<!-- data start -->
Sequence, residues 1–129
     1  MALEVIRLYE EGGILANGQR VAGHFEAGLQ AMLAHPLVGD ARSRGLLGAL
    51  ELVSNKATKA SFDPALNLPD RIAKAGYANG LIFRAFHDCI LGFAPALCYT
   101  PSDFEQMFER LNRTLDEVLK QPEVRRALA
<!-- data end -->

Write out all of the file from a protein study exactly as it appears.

Sequence, residues 1–129
     1  MALEVIRLYE EGGILANGQR VAGHFEAGLQ AMLAHPLVGD ARSRGLLGAL
    51  ELVSNKATKA SFDPALNLPD RIAKAGYANG LIFRAFHDCI LGFAPALCYT
   101  PSDFEQMFER LNRTLDEVLK QPEVRRALA